Sunday, 21 November 2010

The Limits

Amongst us paleo(tards), there is suspicion of any news from the medical world heralding 'gene X', vitamin 'Y' and health-marker 'Z' - 'magic numbers' are inappropriate use of reductionist thinking.  Focusing on abstract details and treating numbers does necessarily lead to a positive outcome in a complex system.  You can control a few inputs but much of the outcome is downstream/internal of our immediate control.  This is stated in DeVany's Third law:
  • Homeostasis of one variable does not assure homeostasis along other dimensions. You can read "normal" for many variables and still be exhausting the compensatory mechanisms over time.
Your mission, should you choose to accept it, is to find those broader 'drivers' that trigger healthful expression.  As DeVany's Fifth Law states:
  • We should recognize the limits of knowledge and just get on the path that favours better outcomes.
Today's Observer carried an interesting article on the limits of human running speed that encapsulated both of these themes, as articulated by Frans Bosch, professor of biomechanics and motor learning at Fontys University in the Netherlands and a specialist in athletic performance:
  • "As long as nobody knows the limiting factor in sprinting, then a prediction in that area makes no sense," says Bosch. "If you look at all the predictions that have been made so far, they're all based on one small aspect of sprinting. When you only look at that you lose perspective."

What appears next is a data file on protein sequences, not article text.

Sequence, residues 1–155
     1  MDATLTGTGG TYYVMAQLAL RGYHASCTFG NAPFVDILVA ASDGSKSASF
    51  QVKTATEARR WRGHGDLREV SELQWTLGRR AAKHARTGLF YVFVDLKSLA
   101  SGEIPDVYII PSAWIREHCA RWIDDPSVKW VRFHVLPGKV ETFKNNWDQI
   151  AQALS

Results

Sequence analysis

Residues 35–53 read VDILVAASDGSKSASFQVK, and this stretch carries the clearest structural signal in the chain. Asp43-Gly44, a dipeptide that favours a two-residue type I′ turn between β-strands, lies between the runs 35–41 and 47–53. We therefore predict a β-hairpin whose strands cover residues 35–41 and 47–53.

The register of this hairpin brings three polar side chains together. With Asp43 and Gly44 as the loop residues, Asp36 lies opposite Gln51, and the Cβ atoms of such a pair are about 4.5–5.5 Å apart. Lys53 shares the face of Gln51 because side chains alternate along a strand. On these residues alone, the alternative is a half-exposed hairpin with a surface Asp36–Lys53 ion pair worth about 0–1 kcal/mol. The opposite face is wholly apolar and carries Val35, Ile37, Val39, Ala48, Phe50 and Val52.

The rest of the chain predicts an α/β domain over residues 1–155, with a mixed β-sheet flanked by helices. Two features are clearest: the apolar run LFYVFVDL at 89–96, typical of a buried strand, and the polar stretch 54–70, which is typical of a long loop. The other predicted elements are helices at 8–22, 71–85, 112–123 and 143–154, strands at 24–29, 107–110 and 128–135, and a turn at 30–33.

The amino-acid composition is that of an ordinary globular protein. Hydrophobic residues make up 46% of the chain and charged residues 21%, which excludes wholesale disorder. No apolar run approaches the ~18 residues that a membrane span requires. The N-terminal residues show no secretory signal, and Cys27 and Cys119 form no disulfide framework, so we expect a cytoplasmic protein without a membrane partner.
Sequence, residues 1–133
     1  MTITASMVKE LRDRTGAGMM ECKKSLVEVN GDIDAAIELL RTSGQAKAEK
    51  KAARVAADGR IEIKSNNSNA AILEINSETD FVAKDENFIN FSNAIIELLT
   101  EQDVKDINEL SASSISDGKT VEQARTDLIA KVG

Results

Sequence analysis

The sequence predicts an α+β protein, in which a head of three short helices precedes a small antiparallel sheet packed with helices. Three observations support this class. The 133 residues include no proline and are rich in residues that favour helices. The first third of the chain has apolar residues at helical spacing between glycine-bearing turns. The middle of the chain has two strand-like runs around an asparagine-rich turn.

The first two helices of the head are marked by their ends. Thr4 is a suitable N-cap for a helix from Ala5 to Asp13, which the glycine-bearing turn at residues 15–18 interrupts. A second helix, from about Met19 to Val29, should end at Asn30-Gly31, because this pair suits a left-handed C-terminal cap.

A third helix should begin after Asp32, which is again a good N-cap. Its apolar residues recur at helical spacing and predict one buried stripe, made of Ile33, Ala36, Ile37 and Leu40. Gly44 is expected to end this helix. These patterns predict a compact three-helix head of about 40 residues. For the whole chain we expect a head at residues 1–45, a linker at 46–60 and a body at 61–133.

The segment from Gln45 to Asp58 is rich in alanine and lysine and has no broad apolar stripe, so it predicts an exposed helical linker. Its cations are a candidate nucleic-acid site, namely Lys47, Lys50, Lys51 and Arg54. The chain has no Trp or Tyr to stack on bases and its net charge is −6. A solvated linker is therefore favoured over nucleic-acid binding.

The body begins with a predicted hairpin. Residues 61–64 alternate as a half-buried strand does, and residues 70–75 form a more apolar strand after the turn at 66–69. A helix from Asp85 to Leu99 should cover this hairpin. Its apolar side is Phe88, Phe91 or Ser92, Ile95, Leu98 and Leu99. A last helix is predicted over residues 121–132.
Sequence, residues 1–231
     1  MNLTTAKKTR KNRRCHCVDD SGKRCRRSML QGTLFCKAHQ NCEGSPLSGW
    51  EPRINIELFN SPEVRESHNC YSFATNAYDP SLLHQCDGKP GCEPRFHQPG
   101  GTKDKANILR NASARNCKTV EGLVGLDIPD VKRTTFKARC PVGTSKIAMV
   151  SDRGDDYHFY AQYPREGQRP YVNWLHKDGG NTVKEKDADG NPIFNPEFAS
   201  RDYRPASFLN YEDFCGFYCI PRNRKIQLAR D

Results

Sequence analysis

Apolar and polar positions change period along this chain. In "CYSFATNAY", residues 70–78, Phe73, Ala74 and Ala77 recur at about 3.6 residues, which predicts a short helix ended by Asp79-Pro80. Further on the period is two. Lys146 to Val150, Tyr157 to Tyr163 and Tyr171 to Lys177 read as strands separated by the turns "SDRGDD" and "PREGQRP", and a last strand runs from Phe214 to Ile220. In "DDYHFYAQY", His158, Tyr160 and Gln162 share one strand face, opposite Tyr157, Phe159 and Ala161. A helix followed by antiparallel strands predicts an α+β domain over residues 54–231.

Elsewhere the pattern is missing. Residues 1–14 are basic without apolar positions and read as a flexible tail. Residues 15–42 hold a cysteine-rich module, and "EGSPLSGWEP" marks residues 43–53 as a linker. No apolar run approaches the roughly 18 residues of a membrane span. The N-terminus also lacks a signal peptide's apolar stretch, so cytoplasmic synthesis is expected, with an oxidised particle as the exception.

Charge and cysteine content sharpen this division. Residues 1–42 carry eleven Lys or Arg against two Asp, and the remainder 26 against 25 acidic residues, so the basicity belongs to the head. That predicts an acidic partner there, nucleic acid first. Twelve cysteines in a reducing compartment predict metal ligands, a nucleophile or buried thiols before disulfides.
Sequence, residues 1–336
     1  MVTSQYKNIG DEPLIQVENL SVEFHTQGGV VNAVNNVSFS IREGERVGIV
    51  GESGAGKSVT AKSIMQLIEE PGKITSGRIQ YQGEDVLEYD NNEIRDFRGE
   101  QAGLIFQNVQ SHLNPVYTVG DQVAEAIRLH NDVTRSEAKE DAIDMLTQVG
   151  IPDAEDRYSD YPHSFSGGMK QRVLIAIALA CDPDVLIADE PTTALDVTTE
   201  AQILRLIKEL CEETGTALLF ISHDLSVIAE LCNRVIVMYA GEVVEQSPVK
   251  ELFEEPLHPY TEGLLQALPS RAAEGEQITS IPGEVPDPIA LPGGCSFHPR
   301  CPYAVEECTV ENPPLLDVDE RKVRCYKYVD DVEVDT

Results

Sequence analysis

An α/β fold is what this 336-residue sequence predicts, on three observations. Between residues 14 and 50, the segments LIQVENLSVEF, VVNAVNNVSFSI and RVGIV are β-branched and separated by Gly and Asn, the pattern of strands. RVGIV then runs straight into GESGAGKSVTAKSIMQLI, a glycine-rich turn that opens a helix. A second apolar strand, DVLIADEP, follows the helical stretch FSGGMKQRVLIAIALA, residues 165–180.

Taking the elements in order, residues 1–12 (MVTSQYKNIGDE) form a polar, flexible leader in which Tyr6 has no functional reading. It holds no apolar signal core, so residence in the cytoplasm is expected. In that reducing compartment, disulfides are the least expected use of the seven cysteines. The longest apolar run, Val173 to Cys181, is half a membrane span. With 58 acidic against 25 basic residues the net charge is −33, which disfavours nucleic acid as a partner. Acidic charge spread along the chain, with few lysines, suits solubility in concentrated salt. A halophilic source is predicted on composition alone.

Indeed.  Don't lose sight of the 'bigger picture' is the message here.  What caught my attention in a paleo perspective, is that Bosch's thinking reaches deep in to DeVany territory,
  • "If you look at a very important development in science over the last 15 years called dynamic systems theory and complex theory, we have learned that the answers to our questions are actually further away than ever before. We're probably not getting closer to the answer, we're just getting closer to asking the right questions."
There are some great thinkers, tinkerers and 'thinkerers' in the paleosphere.  I won't be ditching 'paleo' anytime soon to follow the mainstream!

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